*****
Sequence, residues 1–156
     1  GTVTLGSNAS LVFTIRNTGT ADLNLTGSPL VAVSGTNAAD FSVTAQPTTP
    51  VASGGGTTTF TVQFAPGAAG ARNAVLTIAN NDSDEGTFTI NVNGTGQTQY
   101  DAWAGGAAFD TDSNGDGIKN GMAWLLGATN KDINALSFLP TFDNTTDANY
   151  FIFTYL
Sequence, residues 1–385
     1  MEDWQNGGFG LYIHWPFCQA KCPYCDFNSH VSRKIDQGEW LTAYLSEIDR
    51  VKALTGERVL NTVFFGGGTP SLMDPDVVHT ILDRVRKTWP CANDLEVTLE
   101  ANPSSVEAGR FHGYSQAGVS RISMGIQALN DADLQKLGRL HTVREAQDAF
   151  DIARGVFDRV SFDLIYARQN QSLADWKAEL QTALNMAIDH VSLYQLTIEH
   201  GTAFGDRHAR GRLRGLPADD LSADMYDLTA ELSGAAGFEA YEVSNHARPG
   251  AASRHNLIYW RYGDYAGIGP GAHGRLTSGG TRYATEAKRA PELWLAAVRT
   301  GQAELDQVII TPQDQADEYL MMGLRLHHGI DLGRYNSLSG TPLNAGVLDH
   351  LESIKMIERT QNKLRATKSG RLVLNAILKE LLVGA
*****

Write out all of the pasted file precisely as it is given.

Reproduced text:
Sequence, residues 1–156
     1  GTVTLGSNAS LVFTIRNTGT ADLNLTGSPL VAVSGTNAAD FSVTAQPTTP
    51  VASGGGTTTF TVQFAPGAAG ARNAVLTIAN NDSDEGTFTI NVNGTGQTQY
   101  DAWAGGAAFD TDSNGDGIKN GMAWLLGATN KDINALSFLP TFDNTTDANY
   151  FIFTYL
Sequence, residues 1–385
     1  MEDWQNGGFG LYIHWPFCQA KCPYCDFNSH VSRKIDQGEW LTAYLSEIDR
    51  VKALTGERVL NTVFFGGGTP SLMDPDVVHT ILDRVRKTWP CANDLEVTLE
   101  ANPSSVEAGR FHGYSQAGVS RISMGIQALN DADLQKLGRL HTVREAQDAF
   151  DIARGVFDRV SFDLIYARQN QSLADWKAEL QTALNMAIDH VSLYQLTIEH
   201  GTAFGDRHAR GRLRGLPADD LSADMYDLTA ELSGAAGFEA YEVSNHARPG
   251  AASRHNLIYW RYGDYAGIGP GAHGRLTSGG TRYATEAKRA PELWLAAVRT
   301  GQAELDQVII TPQDQADEYL MMGLRLHHGI DLGRYNSLSG TPLNAGVLDH
   351  LESIKMIERT QNKLRATKSG RLVLNAILKE LLVGA